“The higher up in the tree the monkey goes, the more of his backside that shows,” goes the maxim. It would be hard to climb higher than Warren Buffett, the world's most celebrated investor. However, as the namesake of the Buffett Rule that imposes higher tax rates on the wealthy, Buffett and his backside dangle precariously “out on a limb.”
Residing atop Buffett's tree is New Jersey Gov. Chris Christie, known to deliver the best rhetorical broadside, probably because of his broad backside. Last week, Christie buffeted Buffett, forcing him to Think Again.
After two years of traumatic budget austerity, Christie's 10 percent tax cut for all New Jerseyans is central to his fiscal revival plan. Designed to stimulate economic growth, job creation and entrepreneurialism, Christie expects Jersey's economic pie to grow so more “haves and soon-to-haves” generate more tax revenue. After eschewing Buffett's Tax, Christie challenged Buffett to put up or shut up by writing the government a check, to which Buffett conceded, “It's sort of a touching response to a $1.2 trillion deficit, isn't it? That somehow the American people will just all send in checks and take care of it?”
Perhaps unwittingly, the “Oracle of Omaha” revealed the hard truth: No reasonable amount of taxation can address the catastrophic levels of spending, deficit, debt and doubt that plague Americans.
Even the 49.5 percent of Americans who aren't currently paying federal income taxes — a status for which they're wrongly disparaged since other taxes they pay support government (state, payroll, property, sales, gas) — know that increasing tax rates on high earners won't “take care of it.” Incredibly, confiscating the taxable income of America's millionaires and billionaires would only yield $938 billion, enough to run the government for three months.
Ominously, the nonpartisan Tax Foundation estimates the Buffett Rule could raise $40 billion annually, chicken feed compared with our deficit and bullish considering the United Kingdom's new wealth tax generated less revenue from top earners than before its implementation.
Most insidious, a large majority of America's small businesses, the sector responsible for creating two-thirds of all new jobs since 1996, file individual (not corporate) returns, thus ensnaring them in the Buffett Rule. Imagine the surprise of the technology entrepreneur who wants to expand her business but finds herself in Buffett's tax class!
The dirty little secret is that to reduce the deficit or avoid spending cuts, we'd need a “soak the middle class” strategy. That's because 98 percent of America's taxable income is in households that earn less than $250,000. As Buffett admitted, “The purpose of the Buffett Rule is not to close the deficit gap.”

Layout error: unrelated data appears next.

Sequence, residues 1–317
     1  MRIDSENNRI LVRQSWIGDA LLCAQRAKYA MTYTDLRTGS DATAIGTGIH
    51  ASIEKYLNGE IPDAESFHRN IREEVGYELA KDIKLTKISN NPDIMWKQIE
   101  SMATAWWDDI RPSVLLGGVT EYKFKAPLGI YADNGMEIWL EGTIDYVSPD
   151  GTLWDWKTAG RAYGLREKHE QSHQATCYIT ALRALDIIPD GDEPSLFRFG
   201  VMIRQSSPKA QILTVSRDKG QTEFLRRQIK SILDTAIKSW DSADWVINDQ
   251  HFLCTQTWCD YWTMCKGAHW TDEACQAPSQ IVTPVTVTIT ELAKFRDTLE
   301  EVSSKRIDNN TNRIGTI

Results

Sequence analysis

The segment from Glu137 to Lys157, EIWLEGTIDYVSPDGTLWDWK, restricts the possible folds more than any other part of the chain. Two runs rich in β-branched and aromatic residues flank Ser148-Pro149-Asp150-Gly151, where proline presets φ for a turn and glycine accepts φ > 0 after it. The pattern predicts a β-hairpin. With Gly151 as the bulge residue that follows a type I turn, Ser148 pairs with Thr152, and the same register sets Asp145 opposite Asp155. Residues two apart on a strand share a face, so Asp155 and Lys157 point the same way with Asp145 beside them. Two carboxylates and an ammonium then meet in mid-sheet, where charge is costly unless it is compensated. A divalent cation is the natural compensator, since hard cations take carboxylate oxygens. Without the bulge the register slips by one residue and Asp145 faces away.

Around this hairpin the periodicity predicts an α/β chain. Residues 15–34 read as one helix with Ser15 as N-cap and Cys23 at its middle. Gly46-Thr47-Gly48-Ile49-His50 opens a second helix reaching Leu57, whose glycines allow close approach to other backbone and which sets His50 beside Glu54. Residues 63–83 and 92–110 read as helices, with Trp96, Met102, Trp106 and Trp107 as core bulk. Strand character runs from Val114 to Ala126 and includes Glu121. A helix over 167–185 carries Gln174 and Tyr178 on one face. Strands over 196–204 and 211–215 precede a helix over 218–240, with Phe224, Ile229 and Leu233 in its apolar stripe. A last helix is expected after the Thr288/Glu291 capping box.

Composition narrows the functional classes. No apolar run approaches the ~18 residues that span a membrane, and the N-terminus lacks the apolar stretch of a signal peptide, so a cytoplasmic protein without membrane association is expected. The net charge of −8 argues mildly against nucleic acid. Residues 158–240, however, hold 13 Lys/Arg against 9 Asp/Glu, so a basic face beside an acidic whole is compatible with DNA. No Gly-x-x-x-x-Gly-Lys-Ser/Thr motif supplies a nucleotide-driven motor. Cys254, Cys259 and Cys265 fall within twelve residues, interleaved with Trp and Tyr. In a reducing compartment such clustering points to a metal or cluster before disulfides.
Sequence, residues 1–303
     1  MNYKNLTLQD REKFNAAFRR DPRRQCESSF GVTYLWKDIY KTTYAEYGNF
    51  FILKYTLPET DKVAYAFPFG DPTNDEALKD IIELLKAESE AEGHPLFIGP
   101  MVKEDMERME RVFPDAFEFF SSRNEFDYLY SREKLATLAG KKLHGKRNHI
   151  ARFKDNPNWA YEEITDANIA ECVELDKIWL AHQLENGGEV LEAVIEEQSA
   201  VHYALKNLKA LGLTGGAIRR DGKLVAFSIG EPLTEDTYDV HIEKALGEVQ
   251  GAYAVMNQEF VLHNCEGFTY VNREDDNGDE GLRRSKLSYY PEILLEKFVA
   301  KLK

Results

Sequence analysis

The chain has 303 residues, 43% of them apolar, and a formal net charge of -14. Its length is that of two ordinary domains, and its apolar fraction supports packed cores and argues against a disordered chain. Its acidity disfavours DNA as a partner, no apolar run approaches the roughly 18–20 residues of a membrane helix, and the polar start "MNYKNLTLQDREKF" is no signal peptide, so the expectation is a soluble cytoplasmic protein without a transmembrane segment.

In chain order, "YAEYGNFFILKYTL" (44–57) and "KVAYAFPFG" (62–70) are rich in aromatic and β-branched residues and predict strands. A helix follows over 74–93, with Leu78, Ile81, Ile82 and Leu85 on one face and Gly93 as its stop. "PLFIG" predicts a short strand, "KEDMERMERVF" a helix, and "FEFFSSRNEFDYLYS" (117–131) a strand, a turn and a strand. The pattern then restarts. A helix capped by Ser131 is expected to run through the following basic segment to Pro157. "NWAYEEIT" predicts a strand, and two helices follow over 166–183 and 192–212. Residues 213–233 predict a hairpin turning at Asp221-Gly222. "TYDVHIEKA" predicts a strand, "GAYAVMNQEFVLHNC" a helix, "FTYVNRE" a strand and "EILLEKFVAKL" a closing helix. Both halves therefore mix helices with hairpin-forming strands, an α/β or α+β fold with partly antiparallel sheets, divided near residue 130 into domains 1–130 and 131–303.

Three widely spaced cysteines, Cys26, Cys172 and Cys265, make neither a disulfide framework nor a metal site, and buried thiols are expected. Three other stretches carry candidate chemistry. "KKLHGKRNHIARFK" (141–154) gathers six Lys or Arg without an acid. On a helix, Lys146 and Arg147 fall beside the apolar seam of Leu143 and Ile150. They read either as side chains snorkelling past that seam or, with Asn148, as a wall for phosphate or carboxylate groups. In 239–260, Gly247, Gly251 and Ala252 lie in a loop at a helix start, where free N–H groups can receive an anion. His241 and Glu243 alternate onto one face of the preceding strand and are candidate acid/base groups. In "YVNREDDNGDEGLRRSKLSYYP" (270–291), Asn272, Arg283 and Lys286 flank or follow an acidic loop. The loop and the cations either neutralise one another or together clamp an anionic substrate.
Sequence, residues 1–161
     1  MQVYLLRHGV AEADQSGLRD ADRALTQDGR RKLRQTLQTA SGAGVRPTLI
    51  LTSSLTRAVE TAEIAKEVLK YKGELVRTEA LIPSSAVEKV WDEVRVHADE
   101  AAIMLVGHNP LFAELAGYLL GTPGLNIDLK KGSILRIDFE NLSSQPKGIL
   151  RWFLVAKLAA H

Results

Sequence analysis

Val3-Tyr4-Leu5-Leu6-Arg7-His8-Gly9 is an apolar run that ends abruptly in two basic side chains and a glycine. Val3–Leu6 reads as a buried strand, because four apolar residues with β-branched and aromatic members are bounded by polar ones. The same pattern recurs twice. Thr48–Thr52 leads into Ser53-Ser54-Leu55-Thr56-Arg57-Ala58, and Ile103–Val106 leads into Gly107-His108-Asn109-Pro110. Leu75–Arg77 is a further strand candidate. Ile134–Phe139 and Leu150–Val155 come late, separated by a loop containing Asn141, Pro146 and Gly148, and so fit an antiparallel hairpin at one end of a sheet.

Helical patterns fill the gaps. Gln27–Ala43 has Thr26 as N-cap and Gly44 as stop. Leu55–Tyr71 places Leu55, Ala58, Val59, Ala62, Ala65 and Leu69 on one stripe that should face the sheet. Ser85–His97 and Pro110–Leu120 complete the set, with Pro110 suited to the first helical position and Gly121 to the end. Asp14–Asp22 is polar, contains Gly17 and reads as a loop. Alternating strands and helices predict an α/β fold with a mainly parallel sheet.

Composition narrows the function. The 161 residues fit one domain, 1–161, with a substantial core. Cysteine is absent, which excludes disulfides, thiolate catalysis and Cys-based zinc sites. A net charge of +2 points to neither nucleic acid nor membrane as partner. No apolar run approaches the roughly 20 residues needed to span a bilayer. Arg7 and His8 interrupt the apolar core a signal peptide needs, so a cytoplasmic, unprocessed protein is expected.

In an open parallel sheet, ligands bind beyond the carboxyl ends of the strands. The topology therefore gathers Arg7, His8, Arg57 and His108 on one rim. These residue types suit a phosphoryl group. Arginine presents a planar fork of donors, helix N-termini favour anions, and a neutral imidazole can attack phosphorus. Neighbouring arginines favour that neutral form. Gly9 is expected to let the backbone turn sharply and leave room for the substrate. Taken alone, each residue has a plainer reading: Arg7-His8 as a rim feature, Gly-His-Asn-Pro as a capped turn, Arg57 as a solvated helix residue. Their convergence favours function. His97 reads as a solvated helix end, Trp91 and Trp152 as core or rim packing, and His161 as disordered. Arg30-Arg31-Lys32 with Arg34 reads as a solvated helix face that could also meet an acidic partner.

So why promote the Buffett Rule if it's economically injurious and fiscally imprudent? Because in an election year, budget gimmicks and fairness illusions trump growth, job creation, tax revenue and economic logic. This isn't tax fairness; it's tax farce.
The million-dollar question is, What is fair? Is it fairer to equitably divide a stagnant or shrinking economic pie or to grow the pie so everybody gets more, albeit unevenly?
Since first implementing the income tax a century ago, we've agreed on the latter while operating the industrialized world's most progressive tax system. According to 2009 IRS data, Americans with incomes less than $100,000 paid an average rate of 8 percent while those making more than $500,000 averaged 25 percent. Furthermore, the top “1 percent” currently pay 38 percent of America's income taxes while the top “10 percent” pay 75 percent.
But as Buffett notes, “You can do pretty dumb things when you've got a big checkbook.” The real problem isn't that Americans (rich or not) pay too few taxes; it's that government is so over-extended, it's transferring hundreds of billions of dollars to the affluent. Why should a farmer making $2.5 million be eligible for farm subsidies? Should Buffett be entitled to the same Medicare and Social Security benefits as those without corporate jets? Should wealthy backers of green energy be entitled to billions in below-market loans whether or not they're political donors?
As the president's bipartisan Debt Commission recommended, wealthy Americans shouldn't get benefits they don't need nor tax preferences that distort and undermine our economy. But withdrawing voters' goodies isn't smart politics when you're trying to secure electoral majorities. Conversely, it's politically wise to distract voters from current realities like the following: One in six Americans lives in poverty — the most since tracking began in 1959; government dependency is at an all-time high; and the percentage of Americans with a job is the lowest in decades.
Imagine the possibilities if Buffett turned his attention to the challenges of income stagnation. He already knows that American prosperity derives from entrepreneurial activity and the incentives that inspire it, having once said, “You can change behavior by incentives, but you can't usually change behavior by sermons, although people try every Sunday.”
Think Again, Warren — that's good advice.